More advanced, potentially costlier robotic prostate cancer surgery may offer no long-term benefit versus traditional procedures, according to a new study. In fact, the outcomes between robotic and traditional prostatectomies were found to be largely the same in the study that involved more than 300 men.
To arrive at their comparative findings, researchers split their study group into two segments. One group of men underwent traditional open surgery. The other group was treated using robotic technology. While the robotic surgery group lost less blood, experienced less pain and had shorter hospital stays, other factors were comparable between the two groups. Researchers found, for example, that both groups of men had to take the same number of days to recover and that rates of complications were similar.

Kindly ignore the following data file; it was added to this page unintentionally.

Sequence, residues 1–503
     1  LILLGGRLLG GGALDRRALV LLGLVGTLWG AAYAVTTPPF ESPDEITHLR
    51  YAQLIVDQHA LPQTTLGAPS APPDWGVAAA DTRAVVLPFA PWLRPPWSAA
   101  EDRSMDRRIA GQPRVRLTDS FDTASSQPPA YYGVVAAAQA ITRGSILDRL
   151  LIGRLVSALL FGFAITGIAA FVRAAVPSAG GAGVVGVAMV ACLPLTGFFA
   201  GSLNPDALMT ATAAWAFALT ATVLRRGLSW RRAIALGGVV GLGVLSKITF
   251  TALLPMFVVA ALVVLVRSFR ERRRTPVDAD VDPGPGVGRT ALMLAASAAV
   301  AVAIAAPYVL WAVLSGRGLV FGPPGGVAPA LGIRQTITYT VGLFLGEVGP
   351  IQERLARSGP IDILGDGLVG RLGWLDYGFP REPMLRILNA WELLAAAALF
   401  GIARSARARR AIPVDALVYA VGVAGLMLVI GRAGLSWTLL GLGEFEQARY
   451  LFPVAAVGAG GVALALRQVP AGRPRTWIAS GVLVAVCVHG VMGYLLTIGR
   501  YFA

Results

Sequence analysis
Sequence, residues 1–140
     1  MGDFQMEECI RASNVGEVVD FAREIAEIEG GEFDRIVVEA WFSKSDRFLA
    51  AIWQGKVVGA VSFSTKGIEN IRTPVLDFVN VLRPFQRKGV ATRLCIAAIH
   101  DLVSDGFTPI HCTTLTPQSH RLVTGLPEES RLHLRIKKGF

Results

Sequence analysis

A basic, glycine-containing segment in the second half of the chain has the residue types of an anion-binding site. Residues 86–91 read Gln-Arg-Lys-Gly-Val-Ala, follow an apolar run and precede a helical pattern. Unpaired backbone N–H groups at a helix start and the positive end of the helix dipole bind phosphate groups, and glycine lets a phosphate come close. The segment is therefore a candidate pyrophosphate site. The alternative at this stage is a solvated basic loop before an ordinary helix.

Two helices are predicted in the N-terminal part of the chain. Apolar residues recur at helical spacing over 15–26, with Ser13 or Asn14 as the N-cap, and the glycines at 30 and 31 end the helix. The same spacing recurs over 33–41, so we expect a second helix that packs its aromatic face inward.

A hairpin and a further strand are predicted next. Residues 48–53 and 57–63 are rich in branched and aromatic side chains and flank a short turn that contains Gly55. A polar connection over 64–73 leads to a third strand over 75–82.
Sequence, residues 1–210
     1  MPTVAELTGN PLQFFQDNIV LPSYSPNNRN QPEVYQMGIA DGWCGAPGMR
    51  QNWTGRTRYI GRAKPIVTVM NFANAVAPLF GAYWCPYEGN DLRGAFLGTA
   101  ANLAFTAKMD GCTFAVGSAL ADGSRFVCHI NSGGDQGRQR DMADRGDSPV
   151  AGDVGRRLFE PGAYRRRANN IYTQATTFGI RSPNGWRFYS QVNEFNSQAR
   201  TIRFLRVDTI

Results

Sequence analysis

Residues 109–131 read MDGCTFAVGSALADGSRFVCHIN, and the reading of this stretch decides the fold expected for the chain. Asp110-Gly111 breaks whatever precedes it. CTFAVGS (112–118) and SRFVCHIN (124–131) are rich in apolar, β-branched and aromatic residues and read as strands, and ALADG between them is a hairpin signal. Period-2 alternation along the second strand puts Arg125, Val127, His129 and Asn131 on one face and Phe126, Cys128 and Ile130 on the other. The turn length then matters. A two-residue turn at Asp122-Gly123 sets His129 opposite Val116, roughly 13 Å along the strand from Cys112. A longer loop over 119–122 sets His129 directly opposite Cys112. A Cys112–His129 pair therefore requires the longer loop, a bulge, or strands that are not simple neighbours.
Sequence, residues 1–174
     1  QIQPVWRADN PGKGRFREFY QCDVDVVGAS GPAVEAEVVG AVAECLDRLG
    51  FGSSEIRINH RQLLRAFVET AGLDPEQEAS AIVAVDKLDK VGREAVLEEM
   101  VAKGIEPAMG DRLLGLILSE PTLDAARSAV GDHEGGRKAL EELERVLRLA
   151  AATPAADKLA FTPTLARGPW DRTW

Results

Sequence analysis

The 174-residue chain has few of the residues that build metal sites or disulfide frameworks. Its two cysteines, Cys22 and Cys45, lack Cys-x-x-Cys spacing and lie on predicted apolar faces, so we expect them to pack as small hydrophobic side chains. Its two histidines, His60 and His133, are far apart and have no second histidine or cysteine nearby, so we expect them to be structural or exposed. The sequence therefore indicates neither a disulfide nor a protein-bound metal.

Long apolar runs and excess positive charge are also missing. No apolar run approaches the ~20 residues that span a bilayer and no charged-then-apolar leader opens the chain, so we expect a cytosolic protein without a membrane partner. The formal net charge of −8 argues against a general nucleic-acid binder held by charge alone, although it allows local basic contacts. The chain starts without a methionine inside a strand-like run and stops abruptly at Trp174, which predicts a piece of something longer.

When assessed at the three-month mark, researchers say, men reported similar rates of side effects. There was no significant difference in the rate of sexual dysfunction, urinary problems or infections between the two groups. Although preliminary, the initial findings indicate there may be no significant benefit of choosing robotic surgery versus traditional prostatectomy surgery.
The study, researchers say, will continue with follow-ups at different intervals out from the procedures. In the meantime, they say the findings indicate the importance of carefully weighing the overall benefits, risks and costs of procedures being selected to treat prostate cancer. While robotic prostatectomy may offer enhanced precision, the findings show a skilled surgeon can achieve similar results with a less costly open procedure.
An estimated 161,000 American men will be diagnosed with prostate cancer in the coming year. Some of these men will find their doctors recommending a radical prostatectomy to treat the disease. If the option is urged, men should discuss the potential benefits of open surgery versus robotic procedures with their healthcare providers. It is also strongly urged that men explore all their treatment options for the disease. In some cases, procedures like brachytherapy, may offer a less invasive way to treat cancerous cells.